With his fourth consecutive title already in the bag, Hakuho unleashed his fury on Kotooshu to extend his winning streak to 61 bouts at the Autumn Grand Sumo Tournament on Saturday.
It turned out to be an anticlimactic final after maegashira wrestlers Yoshikaze and Takekaze lost their respective bouts to fall out of the title race, but the lone yokozuna still made it a mouth-watering finale on the 14th day of action at Ryogoku Kokugikan.
Hakuho, who now has 16 career championship wins, laid the pressure on thick, slamming his opponent back to the ring’s edge after getting his right hand inside for a belt grip and kept on the hustle before propelling the ozeki into the ringside seats for a 14-0 mark.
“Since the title was already decided, I wasn’t feeling nervous. This is the first time for me to win four titles in a row, so I have a sense of achievement. I feel relieved,” said Hakuho.
“I was very focused since I wanted to win the title and continue my streak.”
Kotooshu, who was the first wrestler Hakuho defeated to kick off his historic run on the 14th day of the New Year meet in January, dropped to 9-5.
“My charge wasn’t good today. I needed to grab his mawashi,” Kotooshu said.
Hakuho, who won his third straight title without having to wait until the final day of the 15-day meet, is chasing former yokozuna Futabayama’s legendary 69-bout run, which he set in 1936-39, when a two-tournament system was in place.
“In order to win the title you have to keep winning. I have been in this position (yokozuna) for almost four years, so I know the significance and how difficult it is to get wins,” said Hakuho.
A win over Harumafuji on Sunday will give Hakuho an unprecedented fourth straight championship with a 15-0 record, leaving him seven wins shy of Futabayama’s mark for the Kyushu meet in November. “Tomorrow is tomorrow. It’s not over yet,” he said.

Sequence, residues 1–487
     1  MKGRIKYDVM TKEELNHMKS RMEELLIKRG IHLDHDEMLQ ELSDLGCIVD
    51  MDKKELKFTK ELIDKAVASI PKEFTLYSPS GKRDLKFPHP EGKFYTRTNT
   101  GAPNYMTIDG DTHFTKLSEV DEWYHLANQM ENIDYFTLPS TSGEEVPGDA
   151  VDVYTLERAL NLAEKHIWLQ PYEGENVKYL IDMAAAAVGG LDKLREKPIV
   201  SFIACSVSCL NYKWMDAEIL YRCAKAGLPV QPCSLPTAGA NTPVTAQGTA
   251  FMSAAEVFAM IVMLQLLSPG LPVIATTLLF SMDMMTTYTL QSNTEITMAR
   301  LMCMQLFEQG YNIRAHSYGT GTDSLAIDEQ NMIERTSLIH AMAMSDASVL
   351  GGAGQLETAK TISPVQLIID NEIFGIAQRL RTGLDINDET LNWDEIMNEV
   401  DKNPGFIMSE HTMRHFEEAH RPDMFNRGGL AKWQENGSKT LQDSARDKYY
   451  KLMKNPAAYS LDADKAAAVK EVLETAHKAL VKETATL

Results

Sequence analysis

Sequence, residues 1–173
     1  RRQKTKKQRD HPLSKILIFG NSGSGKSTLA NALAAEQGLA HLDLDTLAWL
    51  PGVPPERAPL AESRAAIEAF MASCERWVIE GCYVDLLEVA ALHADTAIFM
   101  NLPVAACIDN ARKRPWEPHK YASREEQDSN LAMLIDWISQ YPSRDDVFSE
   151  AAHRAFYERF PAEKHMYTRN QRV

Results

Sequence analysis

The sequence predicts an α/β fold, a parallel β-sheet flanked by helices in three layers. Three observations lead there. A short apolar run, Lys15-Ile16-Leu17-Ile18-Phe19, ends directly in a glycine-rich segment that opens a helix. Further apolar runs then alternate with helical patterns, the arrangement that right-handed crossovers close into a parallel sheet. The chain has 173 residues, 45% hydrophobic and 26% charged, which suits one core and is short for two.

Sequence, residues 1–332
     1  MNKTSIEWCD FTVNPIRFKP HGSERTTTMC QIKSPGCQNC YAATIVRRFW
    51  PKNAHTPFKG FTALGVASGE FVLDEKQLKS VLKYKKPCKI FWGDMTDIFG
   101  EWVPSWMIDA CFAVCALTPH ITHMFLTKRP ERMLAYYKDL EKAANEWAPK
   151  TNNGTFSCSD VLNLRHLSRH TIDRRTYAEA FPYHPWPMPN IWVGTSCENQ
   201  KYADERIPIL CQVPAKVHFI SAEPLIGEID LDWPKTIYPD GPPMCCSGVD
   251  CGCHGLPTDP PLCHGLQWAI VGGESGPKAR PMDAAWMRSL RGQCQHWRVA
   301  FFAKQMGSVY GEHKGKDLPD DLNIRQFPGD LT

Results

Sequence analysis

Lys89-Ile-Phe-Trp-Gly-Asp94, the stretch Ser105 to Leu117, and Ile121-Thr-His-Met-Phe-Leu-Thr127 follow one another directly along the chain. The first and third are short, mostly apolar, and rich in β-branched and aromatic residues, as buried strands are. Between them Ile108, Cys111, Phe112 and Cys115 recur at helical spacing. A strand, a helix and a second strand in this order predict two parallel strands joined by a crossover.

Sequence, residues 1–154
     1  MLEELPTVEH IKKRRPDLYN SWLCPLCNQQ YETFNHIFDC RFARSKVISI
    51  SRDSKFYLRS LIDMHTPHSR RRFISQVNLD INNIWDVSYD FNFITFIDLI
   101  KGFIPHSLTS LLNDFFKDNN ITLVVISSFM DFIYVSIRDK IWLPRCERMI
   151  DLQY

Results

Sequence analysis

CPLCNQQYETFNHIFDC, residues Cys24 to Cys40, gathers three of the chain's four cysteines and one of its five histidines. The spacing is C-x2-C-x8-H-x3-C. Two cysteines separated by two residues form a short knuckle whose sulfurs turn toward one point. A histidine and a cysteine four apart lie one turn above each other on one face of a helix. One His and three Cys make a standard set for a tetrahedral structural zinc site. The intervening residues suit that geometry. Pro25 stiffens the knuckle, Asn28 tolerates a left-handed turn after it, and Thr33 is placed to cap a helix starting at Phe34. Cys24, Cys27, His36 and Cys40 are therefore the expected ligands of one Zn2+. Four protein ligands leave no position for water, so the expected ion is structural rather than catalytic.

Hakuho is the first to win four straight titles since former yokozuna Asashoryu accomplished the feat in 2006-07.
In other bouts, Yoshikaze was sent retreating over the edge immediately at the face-off by Kotoshogiku, who improved to 9-5, while Georgian Tochinoshin (8-6) deployed an overarm throw on Takekaze, deflating the air from the title race before the final bout.
Kaio gave youngster Kisenosato a sumo clinic, getting his left hand on the komusubi’s mawashi before sending him out to a losing record with a powerful frontal force out.
The sellout crowd gave thunderous applause for another vintage performance by the 38-year-old Tomozuna stable wrestler, who picked up his eighth win to save his ozeki rank.
Estonian Baruto walloped Mongolian Harumafuji (8-6) with a storm of shoves, sending his ozeki rival backing over the edge to improve to 9-5.
Mongolian komusubi Kakuryu slipped to a sixth defeat after Aminishiki sidestepped at the face-off and improved to the same 8-6 record.
Aran chalked up a sixth win after barreling over Tokusegawa (5-9), while fellow sekiwake Tochiozan muscled out Mongolian Hakuba (8-6) to give himself a 10-4 mark.
Earlier, Gagamaru (9-5) heaved out fellow Georgian wrestler Kokkai (8-6) in a lopsided affair.
Sylvester Stallone, acclaimed for his role as Rocky who is in Japan promoting his movie “The Expendables,” was in attendance along with Dolph Lundgren, who played his nemesis Ivan Drago in “Rocky IV.”